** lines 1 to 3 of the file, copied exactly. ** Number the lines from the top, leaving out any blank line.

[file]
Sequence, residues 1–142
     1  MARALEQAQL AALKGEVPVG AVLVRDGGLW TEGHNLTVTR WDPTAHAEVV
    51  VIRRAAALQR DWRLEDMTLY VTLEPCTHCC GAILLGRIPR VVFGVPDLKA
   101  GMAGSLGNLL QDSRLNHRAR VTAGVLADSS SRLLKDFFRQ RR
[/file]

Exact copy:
Sequence, residues 1–142
     1  MARALEQAQL AALKGEVPVG AVLVRDGGLW TEGHNLTVTR WDPTAHAEVV
    51  VIRRAAALQR DWRLEDMTLY VTLEPCTHCC GAILLGRIPR VVFGVPDLKA